How “Proficient” Is Proficient? Comparison of English and Relative Proficiency Rating as a Predictor of Bilingual Listeners' Word Recognition PurposeThe current study attempted to validate that English proficiency self-ratings predict bilinguals' recognition of English words as reported in Shi (2011)  and to explore whether relative proficiency ratings (English vs. first language) improve prediction.MethodOne hundred and twenty-four participants in Shi (2011)  and an additional set of 145 participants were included ... Research Article
Research Article  |   June 01, 2013
How “Proficient” Is Proficient? Comparison of English and Relative Proficiency Rating as a Predictor of Bilingual Listeners' Word Recognition
 
Author Affiliations & Notes
  • Lu-Feng Shi
    Long Island University–Brooklyn Campus, NY
  • Correspondence to Lu-Feng Shi: lu.shi@liu.edu
  • Editor: Larry Humes
    Editor: Larry Humes×
Article Information
Cultural & Linguistic Diversity / Research Article
Research Article   |   June 01, 2013
How “Proficient” Is Proficient? Comparison of English and Relative Proficiency Rating as a Predictor of Bilingual Listeners' Word Recognition
American Journal of Audiology, June 2013, Vol. 22, 40-52. doi:10.1044/1059-0889(2012/12-0029)
History: Received June 1, 2012 , Revised July 30, 2012 , Accepted August 4, 2012
 
American Journal of Audiology, June 2013, Vol. 22, 40-52. doi:10.1044/1059-0889(2012/12-0029)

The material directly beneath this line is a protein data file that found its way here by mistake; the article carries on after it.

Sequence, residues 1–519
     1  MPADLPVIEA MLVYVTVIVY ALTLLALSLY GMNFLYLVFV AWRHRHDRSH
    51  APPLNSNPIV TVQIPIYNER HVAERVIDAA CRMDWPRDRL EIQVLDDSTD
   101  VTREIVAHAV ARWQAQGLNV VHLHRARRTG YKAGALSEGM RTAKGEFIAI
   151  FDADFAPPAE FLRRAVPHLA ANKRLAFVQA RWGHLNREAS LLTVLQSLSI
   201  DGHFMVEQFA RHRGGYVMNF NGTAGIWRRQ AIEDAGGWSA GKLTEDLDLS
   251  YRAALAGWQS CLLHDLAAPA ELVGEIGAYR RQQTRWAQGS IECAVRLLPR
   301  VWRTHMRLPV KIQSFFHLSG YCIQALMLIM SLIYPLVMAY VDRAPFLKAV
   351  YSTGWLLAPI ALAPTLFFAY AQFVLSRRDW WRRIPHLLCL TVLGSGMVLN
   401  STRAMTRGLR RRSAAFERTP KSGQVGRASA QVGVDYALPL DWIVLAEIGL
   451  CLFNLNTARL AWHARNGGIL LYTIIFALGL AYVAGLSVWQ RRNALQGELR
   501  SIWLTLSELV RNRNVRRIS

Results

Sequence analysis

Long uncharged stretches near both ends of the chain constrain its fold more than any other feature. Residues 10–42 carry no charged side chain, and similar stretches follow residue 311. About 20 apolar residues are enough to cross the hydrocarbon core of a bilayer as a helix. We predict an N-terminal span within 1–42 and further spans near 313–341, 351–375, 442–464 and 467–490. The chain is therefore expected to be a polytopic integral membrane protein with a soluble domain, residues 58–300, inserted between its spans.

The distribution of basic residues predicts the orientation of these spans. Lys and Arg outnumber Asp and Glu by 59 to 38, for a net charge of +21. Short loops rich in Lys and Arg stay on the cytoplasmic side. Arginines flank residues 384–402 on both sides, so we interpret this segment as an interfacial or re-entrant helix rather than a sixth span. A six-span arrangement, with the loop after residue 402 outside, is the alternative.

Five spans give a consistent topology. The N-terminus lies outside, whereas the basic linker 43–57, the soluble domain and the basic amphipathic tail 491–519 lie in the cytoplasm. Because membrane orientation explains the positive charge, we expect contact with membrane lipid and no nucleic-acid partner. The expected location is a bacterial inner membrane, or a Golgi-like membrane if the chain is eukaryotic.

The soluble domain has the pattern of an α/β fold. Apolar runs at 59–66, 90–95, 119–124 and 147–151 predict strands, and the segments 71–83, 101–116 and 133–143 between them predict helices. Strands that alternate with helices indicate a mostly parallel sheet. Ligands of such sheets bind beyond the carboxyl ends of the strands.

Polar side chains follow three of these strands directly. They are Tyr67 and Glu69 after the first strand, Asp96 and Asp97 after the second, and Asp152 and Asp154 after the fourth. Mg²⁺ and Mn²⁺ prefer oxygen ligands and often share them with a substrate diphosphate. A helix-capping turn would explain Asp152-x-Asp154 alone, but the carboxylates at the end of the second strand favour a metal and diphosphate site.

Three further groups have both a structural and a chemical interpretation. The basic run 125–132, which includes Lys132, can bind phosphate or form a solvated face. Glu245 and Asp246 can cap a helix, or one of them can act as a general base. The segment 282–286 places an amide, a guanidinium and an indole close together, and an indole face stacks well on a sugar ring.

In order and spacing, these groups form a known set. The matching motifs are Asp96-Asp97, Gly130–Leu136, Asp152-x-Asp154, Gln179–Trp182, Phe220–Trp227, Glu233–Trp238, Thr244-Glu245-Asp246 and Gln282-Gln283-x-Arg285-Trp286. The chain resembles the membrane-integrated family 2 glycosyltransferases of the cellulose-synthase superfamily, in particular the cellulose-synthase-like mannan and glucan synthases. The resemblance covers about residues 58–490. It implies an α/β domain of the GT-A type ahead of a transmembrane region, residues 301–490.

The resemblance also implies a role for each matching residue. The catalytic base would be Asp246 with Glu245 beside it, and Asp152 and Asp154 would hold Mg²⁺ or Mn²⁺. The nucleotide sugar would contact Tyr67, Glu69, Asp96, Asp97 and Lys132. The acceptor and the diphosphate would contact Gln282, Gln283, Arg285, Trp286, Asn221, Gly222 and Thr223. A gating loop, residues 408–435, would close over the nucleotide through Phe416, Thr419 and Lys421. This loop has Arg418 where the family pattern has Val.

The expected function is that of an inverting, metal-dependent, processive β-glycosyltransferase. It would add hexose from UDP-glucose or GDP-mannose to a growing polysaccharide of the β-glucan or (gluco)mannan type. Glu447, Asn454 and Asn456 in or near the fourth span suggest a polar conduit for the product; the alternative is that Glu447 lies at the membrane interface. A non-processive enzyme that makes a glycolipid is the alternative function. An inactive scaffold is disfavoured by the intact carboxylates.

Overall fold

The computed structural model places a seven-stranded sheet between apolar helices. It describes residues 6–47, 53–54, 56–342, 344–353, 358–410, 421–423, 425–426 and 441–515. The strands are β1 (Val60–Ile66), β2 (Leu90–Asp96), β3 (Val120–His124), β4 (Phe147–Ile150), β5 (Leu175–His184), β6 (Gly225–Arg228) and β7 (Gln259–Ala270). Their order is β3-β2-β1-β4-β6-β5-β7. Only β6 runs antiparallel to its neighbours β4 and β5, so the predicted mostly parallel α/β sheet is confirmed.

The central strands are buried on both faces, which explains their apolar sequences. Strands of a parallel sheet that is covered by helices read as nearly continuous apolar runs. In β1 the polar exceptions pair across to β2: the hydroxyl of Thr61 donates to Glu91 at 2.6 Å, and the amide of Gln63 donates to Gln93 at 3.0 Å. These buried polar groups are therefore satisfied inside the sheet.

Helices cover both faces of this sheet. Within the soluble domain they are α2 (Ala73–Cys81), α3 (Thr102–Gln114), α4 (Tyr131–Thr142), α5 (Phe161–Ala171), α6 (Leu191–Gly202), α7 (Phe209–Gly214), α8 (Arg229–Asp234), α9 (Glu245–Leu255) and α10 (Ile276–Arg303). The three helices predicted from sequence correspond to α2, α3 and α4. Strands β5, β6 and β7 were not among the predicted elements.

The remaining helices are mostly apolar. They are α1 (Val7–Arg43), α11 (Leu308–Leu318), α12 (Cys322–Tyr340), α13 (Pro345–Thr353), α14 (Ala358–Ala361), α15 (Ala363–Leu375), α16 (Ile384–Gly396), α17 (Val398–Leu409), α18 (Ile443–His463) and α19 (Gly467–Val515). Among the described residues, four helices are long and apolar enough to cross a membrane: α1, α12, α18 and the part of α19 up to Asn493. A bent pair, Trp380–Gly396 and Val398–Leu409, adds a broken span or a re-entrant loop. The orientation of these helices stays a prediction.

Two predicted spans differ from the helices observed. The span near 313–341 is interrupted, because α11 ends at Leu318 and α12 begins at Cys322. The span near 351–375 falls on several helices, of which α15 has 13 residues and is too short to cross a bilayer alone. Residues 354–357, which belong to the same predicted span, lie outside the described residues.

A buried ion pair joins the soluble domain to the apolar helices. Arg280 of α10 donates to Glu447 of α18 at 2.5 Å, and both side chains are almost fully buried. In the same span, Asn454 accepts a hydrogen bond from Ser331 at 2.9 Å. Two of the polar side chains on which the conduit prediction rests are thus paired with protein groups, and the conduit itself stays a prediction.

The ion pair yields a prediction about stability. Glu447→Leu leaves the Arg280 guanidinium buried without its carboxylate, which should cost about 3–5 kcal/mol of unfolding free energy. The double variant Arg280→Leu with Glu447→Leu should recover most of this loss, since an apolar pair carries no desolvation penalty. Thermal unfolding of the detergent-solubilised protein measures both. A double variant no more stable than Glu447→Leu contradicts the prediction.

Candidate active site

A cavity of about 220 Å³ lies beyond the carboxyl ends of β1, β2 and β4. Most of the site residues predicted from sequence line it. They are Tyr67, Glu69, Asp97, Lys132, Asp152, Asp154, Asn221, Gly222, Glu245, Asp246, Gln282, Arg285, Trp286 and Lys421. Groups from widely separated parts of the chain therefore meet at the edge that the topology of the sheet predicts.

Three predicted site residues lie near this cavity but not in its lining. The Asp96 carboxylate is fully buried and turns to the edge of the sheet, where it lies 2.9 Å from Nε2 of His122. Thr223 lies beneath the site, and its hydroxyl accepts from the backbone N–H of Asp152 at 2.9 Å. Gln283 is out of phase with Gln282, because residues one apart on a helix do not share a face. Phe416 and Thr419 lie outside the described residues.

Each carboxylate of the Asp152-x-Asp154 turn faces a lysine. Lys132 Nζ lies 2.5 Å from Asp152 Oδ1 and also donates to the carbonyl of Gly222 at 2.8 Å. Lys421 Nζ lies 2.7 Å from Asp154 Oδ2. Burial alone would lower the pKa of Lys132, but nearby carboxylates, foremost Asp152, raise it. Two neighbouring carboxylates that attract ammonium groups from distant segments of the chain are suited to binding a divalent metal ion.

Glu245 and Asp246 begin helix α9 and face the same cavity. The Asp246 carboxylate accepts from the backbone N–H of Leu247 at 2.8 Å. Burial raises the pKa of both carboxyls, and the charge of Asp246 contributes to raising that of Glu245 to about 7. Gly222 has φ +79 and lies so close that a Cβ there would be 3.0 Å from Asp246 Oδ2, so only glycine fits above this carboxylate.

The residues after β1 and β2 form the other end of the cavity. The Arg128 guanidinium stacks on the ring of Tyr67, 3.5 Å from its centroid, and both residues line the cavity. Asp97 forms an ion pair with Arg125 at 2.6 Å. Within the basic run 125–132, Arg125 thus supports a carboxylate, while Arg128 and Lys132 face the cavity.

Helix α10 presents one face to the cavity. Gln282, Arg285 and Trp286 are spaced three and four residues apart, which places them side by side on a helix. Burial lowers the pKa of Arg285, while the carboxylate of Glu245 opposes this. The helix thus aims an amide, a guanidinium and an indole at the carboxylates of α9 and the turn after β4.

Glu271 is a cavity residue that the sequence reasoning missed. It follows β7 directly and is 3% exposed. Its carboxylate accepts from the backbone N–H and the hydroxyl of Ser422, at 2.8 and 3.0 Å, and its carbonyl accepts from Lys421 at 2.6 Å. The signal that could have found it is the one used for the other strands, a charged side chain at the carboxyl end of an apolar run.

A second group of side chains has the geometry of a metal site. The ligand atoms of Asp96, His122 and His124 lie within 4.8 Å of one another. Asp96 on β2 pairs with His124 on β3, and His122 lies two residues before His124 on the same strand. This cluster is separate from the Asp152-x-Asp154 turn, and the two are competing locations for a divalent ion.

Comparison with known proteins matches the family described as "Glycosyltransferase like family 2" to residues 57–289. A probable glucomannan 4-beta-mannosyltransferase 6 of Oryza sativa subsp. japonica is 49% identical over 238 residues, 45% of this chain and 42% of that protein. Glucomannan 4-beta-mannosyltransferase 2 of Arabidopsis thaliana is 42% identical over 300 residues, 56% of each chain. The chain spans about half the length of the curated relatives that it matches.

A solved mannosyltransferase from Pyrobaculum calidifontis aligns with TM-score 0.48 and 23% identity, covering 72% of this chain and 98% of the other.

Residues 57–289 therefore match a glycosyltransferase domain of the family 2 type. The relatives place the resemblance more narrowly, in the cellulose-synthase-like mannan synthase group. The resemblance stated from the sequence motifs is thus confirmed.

History: Received June 1, 2012; Revised July 30, 2012; Accepted August 4, 2012
Web of Science® Times Cited: 4

PurposeThe current study attempted to validate that English proficiency self-ratings predict bilinguals' recognition of English words as reported in Shi (2011)  and to explore whether relative proficiency ratings (English vs. first language) improve prediction.

MethodOne hundred and twenty-four participants in Shi (2011)  and an additional set of 145 participants were included (Groups 1 and 2, respectively) in this study. All listeners rated their proficiency in listening, speaking, and reading (English and first language) on an 11-point scale and listened to a list of words from the Northwestern University Auditory Tests No. 6 (Tillman & Carhart, 1966) at 45 dB HL in quiet.

ResultsEnglish proficiency ratings by Group 2 yielded sensitivity/specificity values comparable to those of Group 1 (Shi, 2011) in predicting word recognition. A cutoff of 8 or 9 in minimum English proficiency rating across listening, speaking, and reading resulted in the best combination of prediction sensitivity/specificity. When relative proficiency was used, prediction of Group 1 performance significantly improved as compared to English proficiency. Improvement was slight for Group 2, mainly due to low specificity.

ConclusionSelf-rated English proficiency provides clinically acceptable sensitivity/specificity values as a predictor of bilinguals' English word recognition. Relative proficiency has the potential to further improve predictive power, but the size of improvement depends on the characteristics of the test population.

Acknowledgments
The author would like to thank all of the volunteers, whose participation contributed to this study. Portions of this work were presented at the 2011 American Academy of Audiology Convention in Chicago, Illinois and at the 2012 American Speech-Language-Hearing Association Convention in Atlanta, Georgia.
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